The Story

11 years ago
This article was written by a member of the SheKnows Community. It has not been edited, vetted or reviewed by our editorial staff, and any opinions expressed herein are the writer’s own.

It’s said that a picture is worth 1,000 words. And that every scar tells a story. But what if the story it tells is not one I’m ready for everyone to know?

When I was really young and my father was cleaning a cut I’d just gotten on my knee I remember crying in pain and shame. My leg, tragically ruined. In an effort to console me, my father told me a secret. He said that bruises and scars where great, they were badges of honor showing how hard a person played.

I think to some degree that is true. Whenever a person sees another’s scar, there is immediately a bizarre contest of sorts that quickly ensues. Back and forth the two will go, showing each other the various scars on their body and telling the tales about how they got them. Often during this conversation others will join in, rolling up their sleeves and pant legs and laughing with a strange pride.

After hearing my father saying that this proved how hard a person played I quickly became overwrought with bruises, bumps, cuts etc. I am, to this day, extremely accident prone, and I think that to, at least part of that is purposeful. I think that I’m still trying to get more and more of these “badges of honor” to show my father. And anyone else willing to look. Ask anyone who knows me, at all times I have at least one nasty bruise to show off, and I laugh victoriously about it as I tell the tale of how it came to be.

Two and a half weeks ago I had major surgery. A life altering surgery. After 3 days in the hospital and 18 staples I’m left with a scar that is eight inches long and since it’s still so new, it’s also rather dark. I’m not sure how soon it will fade and because of its precarious location, I’m not sure if it will show yet. Maybe in a bikini or in low rise jeans it will be exposed for all to see. I haven’t had the courage yet to try any of the clothes I’m worried about to see if it will show. I’m too scared to find out. I’m terrified that people will see it and wonder how I got it. And I’ll have to tell them how I got it. I had a tumor in my uterus and it had to come out. I’m not ready to be telling everyone that story. At least not face to face, in my writing it’s different.

My parents and my boyfriend were with me in the hospital. And my mother and my boyfriend sat by my side faithfully the last night I was there during my battle with the worst pain of my life. It was the first night without my morphine drip and the pain pills my doctor had ordered for me were not cutting it. The nursing staff suggested that I get up and walk around. My boyfriend lifted me out of the hospital bed, my mother held my hand. I waddled out into the hallway clenching my jaw, silent tears streaming down my face, hunched over holding my swollen belly, barely breathing through my pain. Both witnesses tell me that while I was going through that I kept saying that I was afraid of my incision opening up and that all of my insides would spill onto the floor. Quite silly now that I’m not drugged up and a little more removed from the traumatic experience.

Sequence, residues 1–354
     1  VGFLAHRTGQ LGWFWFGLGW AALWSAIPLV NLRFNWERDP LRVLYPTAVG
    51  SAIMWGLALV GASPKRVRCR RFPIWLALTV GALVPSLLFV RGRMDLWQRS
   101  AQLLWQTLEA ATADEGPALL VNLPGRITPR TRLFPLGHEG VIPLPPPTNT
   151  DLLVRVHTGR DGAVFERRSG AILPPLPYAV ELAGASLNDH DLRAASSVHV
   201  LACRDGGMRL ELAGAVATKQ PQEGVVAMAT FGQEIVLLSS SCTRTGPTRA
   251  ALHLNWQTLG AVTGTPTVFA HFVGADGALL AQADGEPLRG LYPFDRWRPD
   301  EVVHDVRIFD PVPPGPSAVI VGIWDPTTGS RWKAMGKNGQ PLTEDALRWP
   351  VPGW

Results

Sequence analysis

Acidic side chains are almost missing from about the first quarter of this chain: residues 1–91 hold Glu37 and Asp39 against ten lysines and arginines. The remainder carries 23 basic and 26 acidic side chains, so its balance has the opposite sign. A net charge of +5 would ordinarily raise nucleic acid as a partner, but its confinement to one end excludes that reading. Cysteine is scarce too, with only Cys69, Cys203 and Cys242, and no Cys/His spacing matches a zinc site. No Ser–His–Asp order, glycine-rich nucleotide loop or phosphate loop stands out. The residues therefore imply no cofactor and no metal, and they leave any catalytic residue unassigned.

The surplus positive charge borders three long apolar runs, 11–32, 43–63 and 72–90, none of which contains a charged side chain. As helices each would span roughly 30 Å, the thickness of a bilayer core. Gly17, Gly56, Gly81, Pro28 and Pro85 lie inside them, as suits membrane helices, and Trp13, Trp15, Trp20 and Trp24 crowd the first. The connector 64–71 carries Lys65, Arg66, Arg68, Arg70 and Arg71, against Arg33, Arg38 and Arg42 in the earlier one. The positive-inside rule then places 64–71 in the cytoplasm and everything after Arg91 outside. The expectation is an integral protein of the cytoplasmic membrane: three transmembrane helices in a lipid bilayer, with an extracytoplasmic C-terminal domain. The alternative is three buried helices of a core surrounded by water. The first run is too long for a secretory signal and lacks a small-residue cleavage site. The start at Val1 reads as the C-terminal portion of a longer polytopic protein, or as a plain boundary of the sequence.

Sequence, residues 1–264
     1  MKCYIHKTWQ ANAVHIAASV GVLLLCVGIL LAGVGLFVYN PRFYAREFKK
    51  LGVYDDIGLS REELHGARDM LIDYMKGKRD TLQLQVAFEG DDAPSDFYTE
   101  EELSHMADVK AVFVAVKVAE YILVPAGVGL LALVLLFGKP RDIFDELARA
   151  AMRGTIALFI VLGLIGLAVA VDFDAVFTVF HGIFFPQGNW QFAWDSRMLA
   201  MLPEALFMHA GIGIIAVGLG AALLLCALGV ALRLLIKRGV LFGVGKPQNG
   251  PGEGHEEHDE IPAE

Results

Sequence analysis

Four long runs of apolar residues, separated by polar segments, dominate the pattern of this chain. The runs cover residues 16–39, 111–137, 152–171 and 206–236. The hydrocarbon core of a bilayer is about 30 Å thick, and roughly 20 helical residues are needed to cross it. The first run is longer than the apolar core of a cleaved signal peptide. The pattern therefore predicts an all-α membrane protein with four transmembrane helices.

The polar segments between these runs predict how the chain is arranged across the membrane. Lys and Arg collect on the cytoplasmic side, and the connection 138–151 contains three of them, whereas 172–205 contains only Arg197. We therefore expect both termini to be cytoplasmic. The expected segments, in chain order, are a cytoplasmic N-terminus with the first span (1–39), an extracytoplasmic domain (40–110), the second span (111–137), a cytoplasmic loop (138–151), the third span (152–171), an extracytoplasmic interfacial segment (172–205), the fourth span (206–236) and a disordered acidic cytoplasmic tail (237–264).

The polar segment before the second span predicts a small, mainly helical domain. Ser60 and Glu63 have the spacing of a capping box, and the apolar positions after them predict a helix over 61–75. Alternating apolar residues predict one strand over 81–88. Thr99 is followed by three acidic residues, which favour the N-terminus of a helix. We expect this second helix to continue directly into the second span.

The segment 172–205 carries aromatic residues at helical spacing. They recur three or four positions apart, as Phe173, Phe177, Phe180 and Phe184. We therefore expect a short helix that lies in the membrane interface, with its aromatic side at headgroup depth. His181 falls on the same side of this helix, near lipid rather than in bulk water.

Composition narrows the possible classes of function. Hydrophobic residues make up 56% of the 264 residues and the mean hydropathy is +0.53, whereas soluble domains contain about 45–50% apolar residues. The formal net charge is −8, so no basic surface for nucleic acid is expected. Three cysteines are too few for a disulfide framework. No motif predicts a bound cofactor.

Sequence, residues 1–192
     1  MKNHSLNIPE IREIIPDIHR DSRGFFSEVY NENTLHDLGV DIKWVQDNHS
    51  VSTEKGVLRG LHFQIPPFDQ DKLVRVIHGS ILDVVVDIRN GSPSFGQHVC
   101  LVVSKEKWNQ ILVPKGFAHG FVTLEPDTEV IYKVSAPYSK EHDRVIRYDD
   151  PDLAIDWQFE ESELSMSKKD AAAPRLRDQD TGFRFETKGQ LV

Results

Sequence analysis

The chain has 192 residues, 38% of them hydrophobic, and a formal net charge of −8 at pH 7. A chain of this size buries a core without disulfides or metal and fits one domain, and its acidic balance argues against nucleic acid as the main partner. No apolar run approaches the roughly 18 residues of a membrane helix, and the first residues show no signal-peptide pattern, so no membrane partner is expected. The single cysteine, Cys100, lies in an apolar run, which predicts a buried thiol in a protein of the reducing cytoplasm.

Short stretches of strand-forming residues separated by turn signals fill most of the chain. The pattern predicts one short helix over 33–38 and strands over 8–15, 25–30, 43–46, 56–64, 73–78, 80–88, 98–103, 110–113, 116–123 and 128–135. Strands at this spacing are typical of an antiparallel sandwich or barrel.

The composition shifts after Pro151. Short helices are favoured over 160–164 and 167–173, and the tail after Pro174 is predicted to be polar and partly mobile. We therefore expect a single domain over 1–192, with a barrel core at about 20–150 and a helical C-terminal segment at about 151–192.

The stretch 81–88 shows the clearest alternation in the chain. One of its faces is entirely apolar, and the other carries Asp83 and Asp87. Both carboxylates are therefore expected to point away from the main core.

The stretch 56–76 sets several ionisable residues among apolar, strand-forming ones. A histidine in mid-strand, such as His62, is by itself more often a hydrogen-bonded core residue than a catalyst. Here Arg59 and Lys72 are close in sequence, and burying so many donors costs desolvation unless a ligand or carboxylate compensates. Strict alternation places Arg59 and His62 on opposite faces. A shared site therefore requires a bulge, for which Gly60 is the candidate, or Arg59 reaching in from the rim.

Looking back on that whole night I realize that my fear came from so many different things in my life. I have early memories of things being taken away from me not on my terms. The emotional scars on the insides are always deeper and more permanent that the physical ones on the outside.

In confront the feelings I’m having about my surgical scar that looks up at me from my abdomen, it occurred to that the surgery was my choice. Not three years ago when the tumor was found and I was told that surgery would eventually be needed. Not four months ago when it was determined that it was time for the tumor to come out. Not two months ago when the surgery date was scheduled. Two weeks after the trauma I realized that with my doctors I decided that it was time. This dangerous foreign object needed to not be in my body. It was on my terms. I took control of the situation. And that is something to be proud of. That is a tale I should be proud to tell.

Being a spiritual person I’ve always believed that God does not give us anything we cannot handle. I think that it’s true, what does not kill you makes you stronger. Perhaps the reason we get scars is to tell stories that initially scare us. To realize what that scar has taught us. And maybe this tumor was just a test so that I could discover how strong I am and how in control of my body I am.

So, when I’m dancing at the bar and my shirt rises slightly above my pants and my scar shows, or when I’m laying on the beach and swimming in the surf and my scar peaks up above my bikini, what the world is seeing is proof of how strong I am. And that is a badge of honor I am learning to love.

More from living

Living
by Kristine Cannon | 4 days ago
Living
by Kristine Cannon | 11 days ago
Living
by Bethany Ramos | 11 days ago
Living
by Ashley Papa | 17 days ago
Living
by Colleen Stinchcombe | 19 days ago
Living
by Aly Walansky | 20 days ago
Living
by Colleen Stinchcombe | 23 days ago
Living
by Fairygodboss | a month ago
Living
by Sarah Brooks | a month ago
Living
by Jessica Watson | a month ago
Living
by Kristine Cannon | a month ago
Living
by Aly Walansky | a month ago
Living
by Colleen Stinchcombe | 2 months ago